The symbol for the bitwise OR is |, a single pipe symbol. The bitwise OR operator is demonstrated below:

#include <stdio.h>

int main(void)
    char i = 75;
    char j = 25;
    printf("i | j == %d\n", i | j); /* Using the OR operator here */
    return 0;

The result for this program is:

i | j == 91

Again, this answer can be better explained by showing the operation in binary.

| 00011001
   * ** **
in base 10: 64 + 16 + 8 + 2 + 1 = 91

Again, we can see that the OR operator works as expected: The result has bits with value 1 in each of the places where either or both of the operands have bits with value 1. The next of the binary bitwise operators, the XOR (or exclusive-or) operator, works very similarly to the previous two operators, and especially like the OR operator. The difference between OR and XOR is that while the result for each bit operated upon by bitwise OR will equal 1 if one or both of the bits in the operands equals 1, the result of bitwise XOR will only equal 1 if one, but -not both- of the bits in the operands equals 1. The truth table for XOR looks like this:

^ | 0 1
0 | 0 1
1 | 1 0

We will use the same format that we have previously used to demonstrate the bitwise XOR operator.

#include <stdio.h>

int main(void)
char i = 75;
char j = 25;
printf(“i ^ j == %d\n”, i ^ j);
return 0;

The result from this program is:

i ^ j == 82

The binary calculations corresponding to this operation are as follows:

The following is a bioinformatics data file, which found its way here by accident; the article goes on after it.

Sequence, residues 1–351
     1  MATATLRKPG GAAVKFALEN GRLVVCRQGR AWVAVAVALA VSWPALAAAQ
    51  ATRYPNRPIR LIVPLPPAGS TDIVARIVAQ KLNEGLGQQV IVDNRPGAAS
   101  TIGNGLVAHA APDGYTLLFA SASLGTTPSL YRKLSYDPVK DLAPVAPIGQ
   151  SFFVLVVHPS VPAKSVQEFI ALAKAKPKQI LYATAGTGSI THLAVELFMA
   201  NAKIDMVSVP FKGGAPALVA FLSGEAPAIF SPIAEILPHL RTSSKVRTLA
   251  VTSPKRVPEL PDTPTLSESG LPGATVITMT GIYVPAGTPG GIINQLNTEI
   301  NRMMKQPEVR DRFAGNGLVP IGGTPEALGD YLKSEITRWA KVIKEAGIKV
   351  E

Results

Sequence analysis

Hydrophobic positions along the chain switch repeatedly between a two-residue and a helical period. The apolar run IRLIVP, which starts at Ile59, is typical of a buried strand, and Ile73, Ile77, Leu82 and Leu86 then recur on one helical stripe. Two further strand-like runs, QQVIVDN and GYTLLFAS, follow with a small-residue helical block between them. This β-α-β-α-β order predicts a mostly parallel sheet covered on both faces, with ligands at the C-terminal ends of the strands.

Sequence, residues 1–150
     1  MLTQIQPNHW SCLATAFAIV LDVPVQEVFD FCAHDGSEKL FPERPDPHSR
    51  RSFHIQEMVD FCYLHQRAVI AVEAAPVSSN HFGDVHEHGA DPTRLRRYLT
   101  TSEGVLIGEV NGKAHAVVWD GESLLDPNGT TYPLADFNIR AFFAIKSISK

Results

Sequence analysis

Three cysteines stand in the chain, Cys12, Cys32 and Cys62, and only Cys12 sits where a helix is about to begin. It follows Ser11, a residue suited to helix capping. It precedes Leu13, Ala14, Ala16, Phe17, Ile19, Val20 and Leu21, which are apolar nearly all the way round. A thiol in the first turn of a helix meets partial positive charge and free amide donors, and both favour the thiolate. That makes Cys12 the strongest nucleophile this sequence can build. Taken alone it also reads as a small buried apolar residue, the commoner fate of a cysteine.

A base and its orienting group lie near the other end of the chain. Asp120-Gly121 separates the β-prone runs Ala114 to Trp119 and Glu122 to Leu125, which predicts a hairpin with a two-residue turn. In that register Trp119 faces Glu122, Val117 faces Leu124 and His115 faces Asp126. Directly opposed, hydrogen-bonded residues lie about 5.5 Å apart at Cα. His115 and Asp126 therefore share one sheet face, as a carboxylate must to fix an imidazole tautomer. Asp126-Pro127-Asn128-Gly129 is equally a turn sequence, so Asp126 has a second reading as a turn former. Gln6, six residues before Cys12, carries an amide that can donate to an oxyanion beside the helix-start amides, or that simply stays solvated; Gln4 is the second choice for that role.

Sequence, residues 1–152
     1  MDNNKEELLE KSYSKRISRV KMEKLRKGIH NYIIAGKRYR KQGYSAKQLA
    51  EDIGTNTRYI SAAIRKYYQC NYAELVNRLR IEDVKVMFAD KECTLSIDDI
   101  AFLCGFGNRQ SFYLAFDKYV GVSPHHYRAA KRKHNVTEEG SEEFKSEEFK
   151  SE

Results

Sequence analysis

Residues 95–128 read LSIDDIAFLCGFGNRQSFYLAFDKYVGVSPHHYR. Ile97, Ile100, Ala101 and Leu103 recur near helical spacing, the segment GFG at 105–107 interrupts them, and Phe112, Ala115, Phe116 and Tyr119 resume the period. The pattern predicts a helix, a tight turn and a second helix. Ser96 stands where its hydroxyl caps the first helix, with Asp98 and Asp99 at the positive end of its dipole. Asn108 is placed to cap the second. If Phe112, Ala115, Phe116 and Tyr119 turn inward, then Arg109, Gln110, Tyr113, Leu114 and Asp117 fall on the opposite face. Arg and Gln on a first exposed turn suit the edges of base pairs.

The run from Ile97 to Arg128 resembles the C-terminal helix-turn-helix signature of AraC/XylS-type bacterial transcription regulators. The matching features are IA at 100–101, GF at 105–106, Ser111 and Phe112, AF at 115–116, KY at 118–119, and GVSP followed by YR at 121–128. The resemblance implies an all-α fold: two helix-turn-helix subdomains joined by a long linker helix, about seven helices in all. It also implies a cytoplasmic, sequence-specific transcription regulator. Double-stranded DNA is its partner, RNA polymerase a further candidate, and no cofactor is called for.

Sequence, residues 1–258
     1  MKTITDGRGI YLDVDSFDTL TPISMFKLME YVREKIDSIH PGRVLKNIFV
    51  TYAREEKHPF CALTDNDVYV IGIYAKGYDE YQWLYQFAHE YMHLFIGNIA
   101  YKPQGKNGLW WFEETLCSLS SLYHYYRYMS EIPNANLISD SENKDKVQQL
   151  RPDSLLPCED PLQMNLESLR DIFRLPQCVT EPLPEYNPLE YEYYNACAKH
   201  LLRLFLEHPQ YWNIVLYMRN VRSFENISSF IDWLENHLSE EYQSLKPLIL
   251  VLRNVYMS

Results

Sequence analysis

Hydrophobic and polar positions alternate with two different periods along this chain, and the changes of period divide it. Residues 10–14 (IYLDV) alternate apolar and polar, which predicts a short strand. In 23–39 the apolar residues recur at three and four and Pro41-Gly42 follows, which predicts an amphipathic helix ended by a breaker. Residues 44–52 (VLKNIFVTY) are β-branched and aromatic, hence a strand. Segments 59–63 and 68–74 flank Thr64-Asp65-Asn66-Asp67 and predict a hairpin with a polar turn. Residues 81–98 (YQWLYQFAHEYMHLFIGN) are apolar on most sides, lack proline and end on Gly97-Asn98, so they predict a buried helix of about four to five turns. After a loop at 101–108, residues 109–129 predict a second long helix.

^ 00011001
   * *  *
In base 10: 64 + 16 + 2 = 82

Once again, the operation has come up with the expected result. These three operators correspond to three of the standard Boolean operations. The fourth operator, the one’s complement operator, corresponds to the NOT Boolean operation. Unlike the previous three operators, the one’s complement operator is not a binary operator, but instead a unary operator, working on a single operand, and examines each bit in the operand. If the value of a bit in the operand is 1, the one’s complement operator changes it to a 0 and vice-versa. The truth table for this operation is as follows:

~ | 0 1
R | 1 0

Using our previously defined values for the i and j variables, we can demonstrate the one’s complement operator below:

#include <stdio.h>

int main(void)
    char i = 75;
    char j = 25;
    printf("~ i == %d\n", ~i);
    printf("~ j == %d\n", ~j);
    return 0;

This program executes with the following results:

~ i == -76
~ j == -26

Before we do the binary proof for both of these values, note that the values are the negative value of the number minus one. This results from the format of the char variable in the C standard library of the computer this was written on; the char variable in this computer, an x86_64 AMD Athlon 64 X2 running on 64-bit Linux, is a signed integer value, and the most significant bit has been toggled with both of these operations, as will be shown below.